The New York Times

May 12, 2005


The Machines of Politics, Well Greased



LET the games begin!


No, not the Olympics. Another kind of game in New York, which in some ways has higher stakes - the selection of 20,000 new voting machines for the state.


New York has lagged behind the whole country. Every state is overhauling its voting systems to conform with a new federal law enacted after the presidential election of 2000. This week, Albany finally made a move. It - punted.


Lawmakers decided to push a major decision down to the state's 57 counties and New York City. They will pick their voting machines, after the State Board of Elections certifies which machines meet federal standards.


"The fairest interpretation is, under enormous pressure from all sides, the State Legislature took the courageous position of kicking it to the localities," said Blair Horner, legislative director of the New York Public Interest Research Group.


Because of legislative gridlock and little apparent leadership on this issue from Gov. George E. Pataki, this tentative move took years - and lawmakers have not yet enacted a bill setting guidelines for the machines, or determined the appropriate identification for legitimate voters. It hasn't even filled longstanding vacancies on the Board of Elections, which is supposed to be bipartisan but is Republican-dominated because of political maneuvering.


"Sometimes government works at a snail's pace," said State Senator John J. Flanagan, a Long Island Republican who is a co-chairman of a legislative conference committee on voting reform and a master of understatement. The senator said he considered decentralization preferable because communities have different needs. "We think people should have options."


His Democratic counterpart, Assemblyman Keith L. T. Wright of Manhattan, disagreed. Democratic lawmakers wanted to be more prescriptive and detailed about the machines. "We have been holding out for a single system, for continuity, but it ain't going to happen with these folks," said Mr. Wright.


Some civic groups, troubled about the influence of well-connected lobbyists on Albany decision makers, are even more troubled about the prospect of fragmented influence. "We don't have well-heeled lobbyists with contracts all over governments at the county levels," said Rachel Leon, executive director of Common Cause New York, a nonprofit group that monitors state government. "This raises interesting questions, scary questions of who is controlling who, who knows who."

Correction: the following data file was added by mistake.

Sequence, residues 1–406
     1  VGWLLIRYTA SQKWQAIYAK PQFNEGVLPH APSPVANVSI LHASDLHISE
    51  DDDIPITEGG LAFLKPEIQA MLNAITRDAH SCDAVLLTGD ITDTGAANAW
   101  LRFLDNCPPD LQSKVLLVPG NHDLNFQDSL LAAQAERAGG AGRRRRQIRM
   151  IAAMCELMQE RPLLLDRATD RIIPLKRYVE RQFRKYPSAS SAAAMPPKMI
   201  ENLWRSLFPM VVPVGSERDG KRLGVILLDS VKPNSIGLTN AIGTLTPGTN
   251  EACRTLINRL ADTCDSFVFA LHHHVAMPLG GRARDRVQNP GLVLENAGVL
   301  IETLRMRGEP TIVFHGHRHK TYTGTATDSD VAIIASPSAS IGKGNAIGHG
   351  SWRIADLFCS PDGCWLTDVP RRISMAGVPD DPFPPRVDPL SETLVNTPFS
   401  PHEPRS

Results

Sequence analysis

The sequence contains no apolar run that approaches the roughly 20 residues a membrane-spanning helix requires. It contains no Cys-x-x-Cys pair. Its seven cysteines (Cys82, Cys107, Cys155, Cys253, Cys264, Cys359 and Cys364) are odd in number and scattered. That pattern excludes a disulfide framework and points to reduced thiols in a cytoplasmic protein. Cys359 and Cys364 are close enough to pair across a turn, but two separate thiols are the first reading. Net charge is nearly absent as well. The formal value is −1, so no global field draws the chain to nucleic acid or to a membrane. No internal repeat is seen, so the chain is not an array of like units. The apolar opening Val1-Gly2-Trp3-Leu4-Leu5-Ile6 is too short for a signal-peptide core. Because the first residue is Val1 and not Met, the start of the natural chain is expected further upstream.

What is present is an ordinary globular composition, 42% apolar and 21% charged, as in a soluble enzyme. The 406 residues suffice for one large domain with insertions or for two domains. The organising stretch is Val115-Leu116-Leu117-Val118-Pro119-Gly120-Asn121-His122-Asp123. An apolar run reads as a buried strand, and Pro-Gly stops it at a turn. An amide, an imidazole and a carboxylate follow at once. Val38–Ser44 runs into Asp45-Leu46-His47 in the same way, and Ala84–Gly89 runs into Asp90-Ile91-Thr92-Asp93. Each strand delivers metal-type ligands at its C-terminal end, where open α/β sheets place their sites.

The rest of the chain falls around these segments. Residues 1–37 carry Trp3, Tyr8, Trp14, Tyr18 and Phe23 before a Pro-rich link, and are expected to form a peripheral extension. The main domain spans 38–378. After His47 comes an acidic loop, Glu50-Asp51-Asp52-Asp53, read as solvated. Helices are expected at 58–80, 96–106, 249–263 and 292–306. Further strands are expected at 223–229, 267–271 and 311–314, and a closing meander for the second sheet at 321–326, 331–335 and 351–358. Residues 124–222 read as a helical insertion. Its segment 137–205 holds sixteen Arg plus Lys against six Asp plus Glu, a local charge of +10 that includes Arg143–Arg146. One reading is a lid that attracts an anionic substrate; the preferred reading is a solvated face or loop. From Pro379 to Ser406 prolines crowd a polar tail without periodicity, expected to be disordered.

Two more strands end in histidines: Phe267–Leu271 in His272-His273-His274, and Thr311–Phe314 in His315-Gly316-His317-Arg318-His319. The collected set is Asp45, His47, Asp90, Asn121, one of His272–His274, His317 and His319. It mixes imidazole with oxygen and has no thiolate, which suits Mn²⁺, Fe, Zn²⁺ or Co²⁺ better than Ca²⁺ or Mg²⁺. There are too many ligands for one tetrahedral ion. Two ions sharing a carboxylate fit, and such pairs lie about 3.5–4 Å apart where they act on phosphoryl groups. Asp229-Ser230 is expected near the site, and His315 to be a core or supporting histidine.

Not that such considerations are ever absent from state politics. Lobbyists, some more prominent than many of the lawmakers they are trying to influence, have long been working the halls of the Legislature and now are about to fan out across the state - those who haven't already.


Some are already busy at the local level, especially in New York City, which has 7,639 machines and wants to buy even more, 10,000, for spares and replacements.


"My people have met with leaders on both sides of the aisle on the merits of the machines," said Patricia Lynch, one of the busiest Albany lobbyists today. Ms. Lynch, who was a top aide to Assembly Speaker Sheldon Silver until the end of 2000, represents Sequoia Voting Systems, one of the voting machine companies contending for contracts throughout the state.


EVAN STAVISKY of the Parkside Group, which represents another voting machine company, Danaher Controls Inc., said he, too, had been talking to officials in New York City and elsewhere.


Parkside is a busy city lobbying firm. It has worked on the campaigns of more than a dozen City Council members, including the speaker, Gifford Miller. One of its partners is Harry Giannoulis, a member of the city's Taxi and Limousine Commission, and Mr. Stavisky is well connected in Albany, where his mother is State Senator Tobi Ann Stavisky, Democrat of Queens.


The other voting machine companies vying for state business have all hired well-known lobbyists: Liberty Election Systems is represented by one of the most established Republican lobbyists in Albany, James Featherstonhaugh; Election Systems and Software hired Davidoff & Malito, one of the state's largest lobbying firms with strong political roots in the city; VoteHere Inc. is represented by Mirram Global, whose partners include Roberto Ramirez, an influential political consultant and longtime adviser to Fernando Ferrer.


Any advice from Albany for the locals about to greet armies of lobbyists?


"Be careful," Assemblyman Wright said with a laugh. "Just be careful, because they will be a-coming. They'll come to your house if needs be."


Copyright 2005 The New York Times Company



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